Enable javascript in your browser for better experience. Need to know to enable it? Go here.

If we want to use algorithms responsibly, we need to prioritize explainability

The potentially dangerous social consequences of artificial intelligence (AI) and machine learning (ML) are well-documented. From recruitment tools that show bias against women and other communities, to facial recognition that leads to an innocent black man’s arrest, there are many examples of such automated systems harming people.


One of the driving forces behind these incidents is a false belief in the supposedly objective judgment of algorithms. It’s all too easy to believe that algorithms can solve any problem in a perfect and unbiased manner if enough data is thrown at them. But the truth is they reflect the very biases and unfairness contained in the data on which they are trained. As technology becomes increasingly central to decision making, we have to learn how to approach and apply technology in an ethical way.


How well do we understand algorithms? 


When it comes to algorithms, we need to start asking some serious questions: do we understand their logic well enough to be able to guess the predictions ourselves for any given input? Do we at least understand it enough that given a prediction, we can explain what part of the logic leads to it? Both of these questions are central to the concept of model explainability. This blog post discusses what ‘model explainability’ is, and when and why it should be a priority.


What is explainability?


Explainability is the extent to which humans can understand (and thus explain) the results of a model. This is in contrast to the concept of ‘black box’ models, where even their designers don’t really know the inner workings of a trained model and cannot explain the subsequent results.


As we delegate more complex tasks to machines, it becomes imperative to closely monitor the algorithms that make the critical decisions which could affect people’s lives. These algorithms are only as good and fair as the data used to train them and the cost functions they were taught to optimize for. Unjust practices and unintended biases can creep into algorithms and can only be brought to light if they are explainable.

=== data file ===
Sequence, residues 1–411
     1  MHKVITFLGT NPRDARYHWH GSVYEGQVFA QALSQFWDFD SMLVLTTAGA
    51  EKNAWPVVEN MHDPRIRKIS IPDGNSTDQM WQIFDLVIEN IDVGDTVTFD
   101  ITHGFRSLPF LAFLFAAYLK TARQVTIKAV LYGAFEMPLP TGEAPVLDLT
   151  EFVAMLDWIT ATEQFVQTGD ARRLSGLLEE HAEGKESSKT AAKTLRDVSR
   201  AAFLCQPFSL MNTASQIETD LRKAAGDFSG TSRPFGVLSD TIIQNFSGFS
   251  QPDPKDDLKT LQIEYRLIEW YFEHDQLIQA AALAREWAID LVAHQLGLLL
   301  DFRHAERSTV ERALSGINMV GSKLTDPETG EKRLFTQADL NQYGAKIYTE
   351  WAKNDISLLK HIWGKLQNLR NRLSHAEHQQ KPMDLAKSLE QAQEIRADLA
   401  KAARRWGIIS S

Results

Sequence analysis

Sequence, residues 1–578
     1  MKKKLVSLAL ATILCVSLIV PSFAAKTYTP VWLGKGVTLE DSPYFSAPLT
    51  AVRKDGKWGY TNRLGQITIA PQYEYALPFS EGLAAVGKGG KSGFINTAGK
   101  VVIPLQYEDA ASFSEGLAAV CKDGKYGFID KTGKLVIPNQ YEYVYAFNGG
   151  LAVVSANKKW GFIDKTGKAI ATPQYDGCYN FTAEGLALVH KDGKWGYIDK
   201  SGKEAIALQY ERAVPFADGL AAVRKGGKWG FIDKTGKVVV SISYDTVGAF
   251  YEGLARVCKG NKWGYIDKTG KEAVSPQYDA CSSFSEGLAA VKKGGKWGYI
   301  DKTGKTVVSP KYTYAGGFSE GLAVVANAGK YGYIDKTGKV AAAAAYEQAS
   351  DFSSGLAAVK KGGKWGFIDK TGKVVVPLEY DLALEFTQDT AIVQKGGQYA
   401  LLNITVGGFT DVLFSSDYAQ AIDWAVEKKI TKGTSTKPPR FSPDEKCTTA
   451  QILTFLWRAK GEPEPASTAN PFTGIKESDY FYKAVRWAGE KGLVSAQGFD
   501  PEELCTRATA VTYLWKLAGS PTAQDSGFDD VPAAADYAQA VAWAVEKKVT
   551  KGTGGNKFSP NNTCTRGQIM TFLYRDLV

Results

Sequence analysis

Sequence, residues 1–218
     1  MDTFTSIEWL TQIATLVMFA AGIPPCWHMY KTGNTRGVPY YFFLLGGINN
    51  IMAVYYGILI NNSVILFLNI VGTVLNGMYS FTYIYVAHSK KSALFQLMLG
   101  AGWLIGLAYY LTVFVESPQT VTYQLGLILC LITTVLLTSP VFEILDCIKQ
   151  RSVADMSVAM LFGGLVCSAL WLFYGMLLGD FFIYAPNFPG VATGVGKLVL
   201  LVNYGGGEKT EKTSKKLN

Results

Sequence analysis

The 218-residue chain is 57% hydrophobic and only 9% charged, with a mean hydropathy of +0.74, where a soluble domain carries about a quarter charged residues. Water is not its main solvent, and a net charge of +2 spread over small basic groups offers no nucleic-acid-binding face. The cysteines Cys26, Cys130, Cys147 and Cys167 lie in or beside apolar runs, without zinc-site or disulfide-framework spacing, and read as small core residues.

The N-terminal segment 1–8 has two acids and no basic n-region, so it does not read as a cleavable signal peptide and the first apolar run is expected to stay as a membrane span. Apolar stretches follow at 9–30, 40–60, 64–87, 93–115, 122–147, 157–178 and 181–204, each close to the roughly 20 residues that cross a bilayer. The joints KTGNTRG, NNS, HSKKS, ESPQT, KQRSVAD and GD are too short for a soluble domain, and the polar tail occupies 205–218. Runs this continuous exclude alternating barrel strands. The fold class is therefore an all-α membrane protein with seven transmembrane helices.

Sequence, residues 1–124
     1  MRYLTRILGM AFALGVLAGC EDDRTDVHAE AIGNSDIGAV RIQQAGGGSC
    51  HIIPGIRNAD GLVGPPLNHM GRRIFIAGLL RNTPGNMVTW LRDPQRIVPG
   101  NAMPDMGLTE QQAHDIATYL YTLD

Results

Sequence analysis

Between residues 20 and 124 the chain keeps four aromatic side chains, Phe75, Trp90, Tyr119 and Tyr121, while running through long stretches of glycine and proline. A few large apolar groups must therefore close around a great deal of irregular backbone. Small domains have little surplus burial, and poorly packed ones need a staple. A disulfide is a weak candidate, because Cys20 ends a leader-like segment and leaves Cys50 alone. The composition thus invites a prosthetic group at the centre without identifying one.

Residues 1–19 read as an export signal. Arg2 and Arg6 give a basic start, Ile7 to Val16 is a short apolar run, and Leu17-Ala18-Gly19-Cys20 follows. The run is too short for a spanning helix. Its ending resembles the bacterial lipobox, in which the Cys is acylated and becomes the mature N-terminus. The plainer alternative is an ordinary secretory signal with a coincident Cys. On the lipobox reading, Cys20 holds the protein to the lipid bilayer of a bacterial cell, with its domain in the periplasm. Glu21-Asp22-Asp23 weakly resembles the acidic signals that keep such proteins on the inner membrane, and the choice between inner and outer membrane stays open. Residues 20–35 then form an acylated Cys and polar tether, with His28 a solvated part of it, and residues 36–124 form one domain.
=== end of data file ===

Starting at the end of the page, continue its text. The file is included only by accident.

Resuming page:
A lack of explainability means algorithms go unchecked until it's too late – when too many lives have been unfairly affected. Many such instances are described in Cathy O'Neil’s book ‘Weapons of Math Destruction.’ One such case is of a teacher assessment tool called IMPACT, developed in 2007 in Washington, D.C. It was supposed to use data to weed out low-performing teachers. But due to the way ‘low-performing’ was defined by the designers of the tool, there occurred many unfair instances of good teachers being fired. And because of the lack of transparency for users and other stakeholders, along with misplaced trust in the algorithm, its faults were identified too late.


Another interesting case is that of predictive policing. Police forces use algorithms trained on historic crime data to predict possible criminals who are then frisked or checked. Since historic crime data is already biased due to unfair and discriminatory practices against some communities, the model causes those same groups to be checked more frequently. This, in turn, increases chances of them being caught when compared to other more affluent communities, affirming the model’s assumptions.

As we delegate more complex tasks to machines, it becomes imperative to closely monitor the algorithms that make the critical decisions which could affect people’s lives.